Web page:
Stories about: neurogenetics

‘Hotspots’ for DNA breakage in neurons may promote brain genetic diversity, disease

DNA breakage brain
DNA breaks in certain genes may help brains evolve, but also can cause disease (Constantin Ciprian/Shutterstock)

As organs go, the brain seems to harbor an abundance of somatic mutations — genetic variants that arise after conception and affect only some of our neurons. In a recent study in Science, researchers found about 1,500 variants in each of neurons they sampled.

New research revealing the propensity of DNA to break in certain spots backs up the idea of a genetically diverse brain. Reported in Cell last month, it also suggests a new avenue for thinking about brain development, brain tumors and neurodevelopmental/psychiatric diseases.

Read Full Story | Leave a Comment

Can mice model human behaviors? Maybe better than you think

neurobehavioral mouse assays
(gegenart/Shutterstock)

A mouse surrounded by computer screens turns its head when it notices lines moving across one of them, as a camera captures this evidence of visual acuity. A chamber similarly equipped with video cameras tests social interaction between mice. A small swimming pool, with shapes on its walls as navigational cues, lets scientists gauge a mouse’s spatial memory. A pint-sized treadmill, with a tiny camera to watch foot placement, measures gait.

Here in the Neurobehavioral Developmental Core at Boston Children’s Hospital, managed by Nick Andrews, PhD, the well-tended mice also have opportunities to play: “If you have a happy mouse,” says Andrews, “researchers get better, more consistent results.”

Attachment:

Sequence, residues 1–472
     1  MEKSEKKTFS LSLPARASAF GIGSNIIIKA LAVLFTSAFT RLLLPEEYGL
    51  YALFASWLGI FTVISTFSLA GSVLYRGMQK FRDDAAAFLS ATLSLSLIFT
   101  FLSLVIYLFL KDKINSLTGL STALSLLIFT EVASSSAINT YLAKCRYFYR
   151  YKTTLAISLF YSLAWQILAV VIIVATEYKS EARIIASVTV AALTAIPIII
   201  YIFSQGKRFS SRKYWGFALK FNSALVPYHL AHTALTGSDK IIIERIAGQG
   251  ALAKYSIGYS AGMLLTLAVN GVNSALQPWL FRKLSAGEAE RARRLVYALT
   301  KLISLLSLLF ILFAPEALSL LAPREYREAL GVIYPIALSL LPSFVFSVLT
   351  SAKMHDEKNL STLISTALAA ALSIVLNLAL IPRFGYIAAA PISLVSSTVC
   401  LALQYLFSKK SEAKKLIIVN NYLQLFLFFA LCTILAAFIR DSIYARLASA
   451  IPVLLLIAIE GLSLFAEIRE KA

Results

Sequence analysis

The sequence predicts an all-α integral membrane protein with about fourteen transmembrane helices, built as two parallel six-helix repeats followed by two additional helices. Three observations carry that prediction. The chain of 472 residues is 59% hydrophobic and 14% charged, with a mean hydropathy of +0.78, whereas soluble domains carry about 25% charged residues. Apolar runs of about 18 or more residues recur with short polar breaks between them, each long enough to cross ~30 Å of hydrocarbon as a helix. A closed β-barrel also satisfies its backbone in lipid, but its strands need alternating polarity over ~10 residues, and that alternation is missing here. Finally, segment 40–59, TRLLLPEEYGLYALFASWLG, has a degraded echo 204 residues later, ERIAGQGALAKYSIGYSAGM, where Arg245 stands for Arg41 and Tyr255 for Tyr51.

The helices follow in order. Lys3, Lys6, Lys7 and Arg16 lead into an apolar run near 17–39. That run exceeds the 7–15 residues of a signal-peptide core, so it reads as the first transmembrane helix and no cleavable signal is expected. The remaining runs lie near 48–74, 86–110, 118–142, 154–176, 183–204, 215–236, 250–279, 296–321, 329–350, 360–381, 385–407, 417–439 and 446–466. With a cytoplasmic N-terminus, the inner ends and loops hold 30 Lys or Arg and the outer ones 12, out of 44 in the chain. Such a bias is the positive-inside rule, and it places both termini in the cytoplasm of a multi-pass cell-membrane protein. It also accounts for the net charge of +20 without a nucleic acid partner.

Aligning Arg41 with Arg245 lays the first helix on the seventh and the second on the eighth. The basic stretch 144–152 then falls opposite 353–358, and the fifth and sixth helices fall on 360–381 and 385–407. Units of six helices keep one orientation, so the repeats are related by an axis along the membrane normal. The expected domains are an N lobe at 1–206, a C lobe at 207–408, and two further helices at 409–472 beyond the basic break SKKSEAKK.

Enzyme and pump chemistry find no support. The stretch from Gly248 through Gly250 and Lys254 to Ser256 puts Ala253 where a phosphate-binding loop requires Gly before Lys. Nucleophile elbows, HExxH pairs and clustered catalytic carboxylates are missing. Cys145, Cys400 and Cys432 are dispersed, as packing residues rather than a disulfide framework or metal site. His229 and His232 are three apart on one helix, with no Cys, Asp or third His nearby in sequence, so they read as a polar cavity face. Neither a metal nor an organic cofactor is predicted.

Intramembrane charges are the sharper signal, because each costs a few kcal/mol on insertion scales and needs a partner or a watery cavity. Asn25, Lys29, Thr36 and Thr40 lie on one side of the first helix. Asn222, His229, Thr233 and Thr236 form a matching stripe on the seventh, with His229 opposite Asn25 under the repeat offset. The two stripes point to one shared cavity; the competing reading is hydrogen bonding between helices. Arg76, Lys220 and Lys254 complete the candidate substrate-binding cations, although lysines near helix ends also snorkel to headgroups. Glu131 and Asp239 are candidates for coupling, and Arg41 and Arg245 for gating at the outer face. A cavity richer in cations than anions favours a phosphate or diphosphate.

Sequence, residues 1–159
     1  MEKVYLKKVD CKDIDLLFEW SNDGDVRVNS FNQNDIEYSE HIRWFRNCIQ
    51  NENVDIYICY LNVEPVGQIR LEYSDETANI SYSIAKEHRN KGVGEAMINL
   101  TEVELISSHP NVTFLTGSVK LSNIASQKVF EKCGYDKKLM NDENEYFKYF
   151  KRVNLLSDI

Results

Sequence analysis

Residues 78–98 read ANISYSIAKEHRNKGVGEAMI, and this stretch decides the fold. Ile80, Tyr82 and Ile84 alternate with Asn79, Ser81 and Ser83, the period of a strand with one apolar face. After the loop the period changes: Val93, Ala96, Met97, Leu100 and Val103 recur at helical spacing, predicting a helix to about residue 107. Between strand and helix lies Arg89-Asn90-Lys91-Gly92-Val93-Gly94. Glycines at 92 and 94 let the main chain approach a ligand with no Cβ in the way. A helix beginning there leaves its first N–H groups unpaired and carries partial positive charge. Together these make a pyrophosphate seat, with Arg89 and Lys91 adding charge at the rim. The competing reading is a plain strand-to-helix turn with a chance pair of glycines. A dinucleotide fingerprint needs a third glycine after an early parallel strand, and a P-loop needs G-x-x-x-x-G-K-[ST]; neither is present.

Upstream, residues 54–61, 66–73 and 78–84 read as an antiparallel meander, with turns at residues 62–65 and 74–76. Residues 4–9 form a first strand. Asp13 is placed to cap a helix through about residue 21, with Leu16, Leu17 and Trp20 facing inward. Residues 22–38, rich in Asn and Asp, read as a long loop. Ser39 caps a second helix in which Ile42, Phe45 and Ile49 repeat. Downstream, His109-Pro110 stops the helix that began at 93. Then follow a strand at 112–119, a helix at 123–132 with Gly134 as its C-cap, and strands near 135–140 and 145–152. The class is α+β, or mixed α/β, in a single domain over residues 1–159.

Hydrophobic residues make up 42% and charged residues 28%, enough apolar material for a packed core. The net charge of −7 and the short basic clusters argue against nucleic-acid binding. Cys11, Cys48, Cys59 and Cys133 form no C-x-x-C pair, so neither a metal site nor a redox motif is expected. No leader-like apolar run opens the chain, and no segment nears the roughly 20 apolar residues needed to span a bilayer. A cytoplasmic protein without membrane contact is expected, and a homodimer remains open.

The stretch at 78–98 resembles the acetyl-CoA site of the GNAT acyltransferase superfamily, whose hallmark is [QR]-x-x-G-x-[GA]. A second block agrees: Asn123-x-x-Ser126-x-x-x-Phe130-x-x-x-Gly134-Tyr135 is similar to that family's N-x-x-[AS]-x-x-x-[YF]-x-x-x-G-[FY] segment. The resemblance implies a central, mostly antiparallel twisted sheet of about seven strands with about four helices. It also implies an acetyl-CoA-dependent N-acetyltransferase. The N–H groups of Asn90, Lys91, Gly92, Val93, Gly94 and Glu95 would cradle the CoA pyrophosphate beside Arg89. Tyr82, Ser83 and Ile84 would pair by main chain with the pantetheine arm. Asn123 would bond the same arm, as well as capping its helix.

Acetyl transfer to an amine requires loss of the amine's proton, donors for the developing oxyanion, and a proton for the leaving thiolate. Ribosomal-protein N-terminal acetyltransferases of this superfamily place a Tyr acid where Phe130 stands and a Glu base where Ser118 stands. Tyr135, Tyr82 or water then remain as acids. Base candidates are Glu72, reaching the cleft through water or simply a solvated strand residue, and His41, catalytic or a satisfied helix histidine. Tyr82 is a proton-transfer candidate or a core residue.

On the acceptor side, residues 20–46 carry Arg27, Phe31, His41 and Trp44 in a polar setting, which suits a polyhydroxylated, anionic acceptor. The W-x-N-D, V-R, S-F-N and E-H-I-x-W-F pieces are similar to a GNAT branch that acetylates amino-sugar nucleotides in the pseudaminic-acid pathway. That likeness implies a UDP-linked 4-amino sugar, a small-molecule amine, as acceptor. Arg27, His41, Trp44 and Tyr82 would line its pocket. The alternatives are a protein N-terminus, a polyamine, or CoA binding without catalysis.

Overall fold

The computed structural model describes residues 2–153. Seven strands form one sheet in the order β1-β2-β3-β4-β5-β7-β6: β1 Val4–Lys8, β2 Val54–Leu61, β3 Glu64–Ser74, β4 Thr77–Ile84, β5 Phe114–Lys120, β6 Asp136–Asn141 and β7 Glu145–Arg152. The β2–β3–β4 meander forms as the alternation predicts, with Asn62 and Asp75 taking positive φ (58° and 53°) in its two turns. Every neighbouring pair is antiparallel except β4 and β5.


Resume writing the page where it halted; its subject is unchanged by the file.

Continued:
Read Full Story | Leave a Comment

The neurology resident that could

Eye muscles, the nerves that control them, and where things go wrong (click to enlarge)

Elizabeth Engle used to wait in peoples’ driveways until midnight, hoping to enroll them in her genetic studies of eye-movement disorders. She landed there by chance: during her neurology residency, she saw a little boy whose eyes were frozen in a downward gaze. Wanting to find a solution to a disorder that others had written off, she talked her way into the muscular dystrophy genetics lab of Alan Beggs and Lou Kunkel at Children’s.

Why muscular dystrophy? That tragic muscle-weakening disease somehow spares the eye muscles. Engle thought if Beggs and Kunkel took her on, she could answer two questions at once – what was protecting the eye muscles in muscular dystrophy, and what had caused the little boy’s fixed gaze and droopy eyelids. Plus, she needed laboratory training to study the samples she’d started gathering. “I didn’t have a PhD and was never officially trained in the lab,” she once said. “I didn’t even know how to make chemical solutions.”

Read Full Story | Leave a Comment